Duke Energy, state regulators and community groups have agreed on a plan to permanently close the utility’s remaining nine coal ash basins in North Carolina.
The parties include Duke, the North Carolina Department of Environmental Quality and groups represented by the Southern Environmental Law Center. Duke says the plan will save $1.5 billion in closure costs over previous estimates.
“This agreement significantly reduces the cost to close our coal ash basins in the Carolinas for our customers, while delivering the same environmental benefits as full excavation,” said Stephen De May, North Carolina president, Duke Energy. “We are fully focused on these important activities and building a clean energy future for the Carolinas.”
Under the agreement, seven of the basins will be excavated and the ash moved to lined landfills. Those include two at the Allen Steam Station (Belmont, N.C.), one at Belews Creek Steam Station (Belews Creek, N.C.), one at Mayo Plant (Roxboro, N.C.), one basin at the Roxboro Plant (Semora, N.C.) and two at the Cliffside/Rogers Energy Complex (Mooresboro, N.C.).
At the Marshall Steam Station (Terrell, N.C.) and the Roxboro Plant, uncapped basin ash will be excavated and moved to lined landfills. At both locations, sections of the basins were filled with ash in the past.
To make use of that space, state permitted facilities, including existing lined landfills, were built on top of those portions of the ash basins. Because the ash underneath is already covered, that material will not be disturbed and will be monitored and safely closed under other state regulations.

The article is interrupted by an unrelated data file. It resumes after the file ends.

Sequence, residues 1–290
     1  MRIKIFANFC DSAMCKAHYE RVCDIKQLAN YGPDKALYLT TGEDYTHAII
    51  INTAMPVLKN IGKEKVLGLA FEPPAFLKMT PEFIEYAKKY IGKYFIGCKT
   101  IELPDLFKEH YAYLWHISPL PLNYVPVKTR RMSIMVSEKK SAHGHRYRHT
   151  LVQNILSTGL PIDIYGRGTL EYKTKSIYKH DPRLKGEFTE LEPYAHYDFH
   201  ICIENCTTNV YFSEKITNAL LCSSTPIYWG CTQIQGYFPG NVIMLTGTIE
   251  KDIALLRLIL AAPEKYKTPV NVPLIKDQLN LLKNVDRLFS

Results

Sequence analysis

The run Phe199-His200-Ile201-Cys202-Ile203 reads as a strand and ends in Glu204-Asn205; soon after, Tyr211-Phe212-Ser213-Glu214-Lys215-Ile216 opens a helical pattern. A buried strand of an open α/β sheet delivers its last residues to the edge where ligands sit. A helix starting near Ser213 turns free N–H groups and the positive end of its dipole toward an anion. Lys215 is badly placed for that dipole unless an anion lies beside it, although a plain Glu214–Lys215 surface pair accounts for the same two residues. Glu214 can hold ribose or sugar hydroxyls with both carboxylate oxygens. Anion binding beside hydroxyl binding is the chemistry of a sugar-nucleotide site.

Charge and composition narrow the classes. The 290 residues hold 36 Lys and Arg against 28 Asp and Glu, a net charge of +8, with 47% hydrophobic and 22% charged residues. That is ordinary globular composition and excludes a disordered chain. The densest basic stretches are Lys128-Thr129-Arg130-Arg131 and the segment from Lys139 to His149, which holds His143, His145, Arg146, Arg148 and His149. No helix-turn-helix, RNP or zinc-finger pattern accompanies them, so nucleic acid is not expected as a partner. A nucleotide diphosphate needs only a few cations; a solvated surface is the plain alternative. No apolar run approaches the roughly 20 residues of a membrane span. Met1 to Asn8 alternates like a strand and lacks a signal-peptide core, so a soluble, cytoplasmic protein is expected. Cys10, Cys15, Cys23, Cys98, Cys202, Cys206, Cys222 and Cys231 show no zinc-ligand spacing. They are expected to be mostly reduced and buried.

Under the plan, almost 80 million tons of ash will be excavated from the remaining sites. The company is already removing ash from basins at other facilities, bringing the total amount of material to be excavated in North Carolina to approximately 124 million tons.
The agreement calls for expedited state permit approvals which would keep projects on a rapid timeline with excavation at the six sites completed in 10 to 15 years.
This plan will reduce the total estimated cost to close the nine basins by about $1.5 billion, as compared to the April 1, 2019 NCDEQ order requiring full excavation. As a result, the estimated total undiscounted cost to permanently close all ash basins in the Carolinas is now approximately $8 billion to $9 billion, of which approximately $2.4 billion has been spent through 2019.